GIS, Maps and Spatial Thinking
Last updated: August 10, 2018
Geographic Information Systems and other mapping tools will help you locate, present, analyze, and interact with data that is geographically referenced. These tools are used in many fields such as environmental studies, geography, geology, natural resources management, demographics, public health, economics, history, and much, much more.
To get a sense of the broad reach of this methodology, visit our Map Site of the Month page (and come back for a new, fascinating site every month!).
What does it mean to work with spatially-referenced data? What would your students gain from working with GIS and mapping tools? Find out something about spatial thinking and analysis or about data visualization. See what GIS and map enthusiasts are writing about in these GIS and mapping blogs.
Looking for maps to use in your classes? Browse through some of the great online map collections to see what's immediately available. Supplement your class with an online tool from our page of map-related teaching resources.
Get started thinking about how to incorporate maps and mapping tools into your classes by looking at these suggestions for using GIS and maps in class. See examples of simple student and class mapping projects at other colleges. You can also look through Complex Projects in the Liberal Arts for examples of more time-intensive projects (some of these might be useful teaching resources as well).
Want your students to have the experience of creating their own maps? Try out some of these robust online mapping tools to see more of what can be done with maps and mapping.
Learn how to search for geographic data using an Internet Mapping Service. These are online sites provided by national, international, federal, state and local government agencies to allow access to public data. Some NGOs and institutional sites also provide excellent resources. Most sites include a tutorial or "Getting Started" page that will show you most of the site's features in a very short period of time. For a few examples, check out a page of New York City Mapping Resources or Disaster Response Resources.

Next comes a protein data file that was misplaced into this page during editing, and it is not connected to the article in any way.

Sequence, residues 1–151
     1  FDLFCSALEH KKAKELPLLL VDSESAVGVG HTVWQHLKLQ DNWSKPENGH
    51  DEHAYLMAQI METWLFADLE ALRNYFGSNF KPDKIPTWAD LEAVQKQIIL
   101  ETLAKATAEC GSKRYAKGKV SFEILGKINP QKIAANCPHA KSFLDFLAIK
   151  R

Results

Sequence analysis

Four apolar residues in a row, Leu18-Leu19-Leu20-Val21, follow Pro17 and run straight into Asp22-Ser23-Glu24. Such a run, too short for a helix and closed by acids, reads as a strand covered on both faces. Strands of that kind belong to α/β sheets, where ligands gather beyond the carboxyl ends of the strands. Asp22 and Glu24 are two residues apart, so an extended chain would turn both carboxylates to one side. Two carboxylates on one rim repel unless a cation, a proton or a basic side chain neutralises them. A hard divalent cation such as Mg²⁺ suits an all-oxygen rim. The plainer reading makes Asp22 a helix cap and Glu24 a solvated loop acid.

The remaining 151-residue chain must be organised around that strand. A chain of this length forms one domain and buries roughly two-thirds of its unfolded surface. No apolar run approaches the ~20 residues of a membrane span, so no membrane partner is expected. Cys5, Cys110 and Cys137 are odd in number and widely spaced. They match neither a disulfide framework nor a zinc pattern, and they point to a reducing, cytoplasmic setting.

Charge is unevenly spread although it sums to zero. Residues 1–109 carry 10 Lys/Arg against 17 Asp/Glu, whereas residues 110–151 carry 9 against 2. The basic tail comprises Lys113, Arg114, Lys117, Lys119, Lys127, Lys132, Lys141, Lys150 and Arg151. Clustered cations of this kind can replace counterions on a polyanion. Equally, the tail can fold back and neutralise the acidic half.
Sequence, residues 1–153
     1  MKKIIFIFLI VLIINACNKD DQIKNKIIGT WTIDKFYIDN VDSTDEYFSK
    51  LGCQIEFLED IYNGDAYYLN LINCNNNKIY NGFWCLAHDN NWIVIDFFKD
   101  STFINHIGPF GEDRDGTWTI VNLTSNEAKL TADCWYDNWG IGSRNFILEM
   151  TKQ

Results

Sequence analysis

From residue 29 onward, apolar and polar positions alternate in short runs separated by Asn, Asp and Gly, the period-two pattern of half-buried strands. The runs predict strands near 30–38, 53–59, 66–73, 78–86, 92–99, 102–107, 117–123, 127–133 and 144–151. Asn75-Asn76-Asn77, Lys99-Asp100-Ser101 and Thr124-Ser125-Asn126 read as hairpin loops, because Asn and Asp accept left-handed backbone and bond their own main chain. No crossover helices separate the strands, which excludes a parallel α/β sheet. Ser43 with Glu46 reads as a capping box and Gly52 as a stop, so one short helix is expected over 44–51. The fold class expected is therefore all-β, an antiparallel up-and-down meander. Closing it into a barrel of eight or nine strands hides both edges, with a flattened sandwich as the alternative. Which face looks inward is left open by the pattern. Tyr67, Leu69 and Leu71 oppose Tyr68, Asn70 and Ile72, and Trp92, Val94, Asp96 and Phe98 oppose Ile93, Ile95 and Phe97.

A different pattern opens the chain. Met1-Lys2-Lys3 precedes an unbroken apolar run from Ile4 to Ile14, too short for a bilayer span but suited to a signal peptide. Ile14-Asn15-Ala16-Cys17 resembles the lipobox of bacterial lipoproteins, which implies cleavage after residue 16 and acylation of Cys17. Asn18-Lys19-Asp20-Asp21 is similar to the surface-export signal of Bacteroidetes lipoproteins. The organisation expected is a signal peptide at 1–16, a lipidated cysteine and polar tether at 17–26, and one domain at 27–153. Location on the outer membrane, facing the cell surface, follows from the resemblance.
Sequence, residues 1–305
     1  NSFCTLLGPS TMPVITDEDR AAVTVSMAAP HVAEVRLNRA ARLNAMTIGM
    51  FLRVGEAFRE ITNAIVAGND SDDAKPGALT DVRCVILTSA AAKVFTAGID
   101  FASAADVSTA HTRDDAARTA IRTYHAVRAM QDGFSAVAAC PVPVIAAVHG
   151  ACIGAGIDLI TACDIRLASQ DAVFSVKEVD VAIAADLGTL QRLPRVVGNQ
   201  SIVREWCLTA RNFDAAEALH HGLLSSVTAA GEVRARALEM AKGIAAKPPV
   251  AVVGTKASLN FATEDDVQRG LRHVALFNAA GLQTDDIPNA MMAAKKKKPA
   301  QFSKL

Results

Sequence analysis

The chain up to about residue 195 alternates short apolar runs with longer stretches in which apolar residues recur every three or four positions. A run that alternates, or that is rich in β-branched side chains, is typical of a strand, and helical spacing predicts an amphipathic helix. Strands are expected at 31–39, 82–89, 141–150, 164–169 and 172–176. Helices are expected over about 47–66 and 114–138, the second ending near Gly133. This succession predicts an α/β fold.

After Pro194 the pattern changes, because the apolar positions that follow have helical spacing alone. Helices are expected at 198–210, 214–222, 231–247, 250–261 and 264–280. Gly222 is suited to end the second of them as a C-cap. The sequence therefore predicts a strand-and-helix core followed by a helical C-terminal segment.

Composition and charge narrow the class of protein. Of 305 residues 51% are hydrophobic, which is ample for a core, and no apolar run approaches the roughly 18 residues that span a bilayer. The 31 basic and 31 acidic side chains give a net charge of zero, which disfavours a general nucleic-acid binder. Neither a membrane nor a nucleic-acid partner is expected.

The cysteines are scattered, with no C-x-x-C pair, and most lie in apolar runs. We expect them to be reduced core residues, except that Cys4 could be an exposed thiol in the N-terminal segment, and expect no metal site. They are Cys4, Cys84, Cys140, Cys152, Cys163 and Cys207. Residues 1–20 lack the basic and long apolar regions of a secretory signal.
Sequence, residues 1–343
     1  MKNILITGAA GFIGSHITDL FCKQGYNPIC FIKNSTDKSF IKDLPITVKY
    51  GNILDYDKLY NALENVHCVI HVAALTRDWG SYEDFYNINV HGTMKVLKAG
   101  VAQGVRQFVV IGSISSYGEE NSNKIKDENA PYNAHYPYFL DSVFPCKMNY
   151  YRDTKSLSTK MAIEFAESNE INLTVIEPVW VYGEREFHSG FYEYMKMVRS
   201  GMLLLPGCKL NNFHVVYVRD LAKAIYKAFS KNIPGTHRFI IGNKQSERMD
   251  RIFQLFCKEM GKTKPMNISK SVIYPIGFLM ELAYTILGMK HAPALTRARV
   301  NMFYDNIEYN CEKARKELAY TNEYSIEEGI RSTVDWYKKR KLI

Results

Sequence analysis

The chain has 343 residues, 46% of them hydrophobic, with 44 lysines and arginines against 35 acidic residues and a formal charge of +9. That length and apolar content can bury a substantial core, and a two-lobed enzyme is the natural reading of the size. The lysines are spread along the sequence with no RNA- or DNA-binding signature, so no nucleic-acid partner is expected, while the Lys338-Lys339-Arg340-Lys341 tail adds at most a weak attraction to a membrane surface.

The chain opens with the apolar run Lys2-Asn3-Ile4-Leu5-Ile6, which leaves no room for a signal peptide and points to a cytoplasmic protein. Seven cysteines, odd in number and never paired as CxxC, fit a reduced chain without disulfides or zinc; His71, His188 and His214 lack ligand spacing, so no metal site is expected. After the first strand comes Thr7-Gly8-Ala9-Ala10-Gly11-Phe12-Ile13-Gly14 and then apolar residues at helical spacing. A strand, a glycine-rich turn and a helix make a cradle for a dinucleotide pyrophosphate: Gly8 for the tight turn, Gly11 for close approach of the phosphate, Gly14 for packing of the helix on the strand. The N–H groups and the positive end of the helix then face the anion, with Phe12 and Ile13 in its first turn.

Do you have data of your own that you'd like to map? If you have a list of locations and would like to create points with pop-ups, then one easy option is to use Google Maps or Google Earth. Here's a page of Google resources, including links to helpful web services and very informative blogs and tutorials. In order to use your Hamilton Gmail account for Google Maps, please see Accessing Google Maps at Hamilton. For more complex mapping efforts which are still within Google, you can try Spreadsheet Mapper or Fusion Tables.
For a more customized map or introductory spatial analysis, we have ArcGIS Online from ESRI. This web-based GIS is accessible via Mac or Windows, includes various base maps, data layers, spatial analysis tools, publishing templates, and produces maps that look great on mobile devices. Plus, it's easy to learn how to do the basics! Check out the Gallery of what you can do with this application, and call 315-859-4735 if you are interested in using this in a class. Read more about what we have available to us under our ESRI Site License.
If you need to manipulate or analyze data, then you are probably looking for a Geographic Information System. We have some applications available on campus (such as ArcGIS), but others are open-source or reasonably low-cost. All of these applications allow the importation or creation of geospatial data, the analysis of this data using various techniques (such as buffering or hillshade), and the layout of professional-quality maps. Learning how to use these applications will require many hours of instruction, however, so make sure that you really need these tools. For further information about GIS or using mapping resources in class, please contact email@example.com, or call 315-859-4735.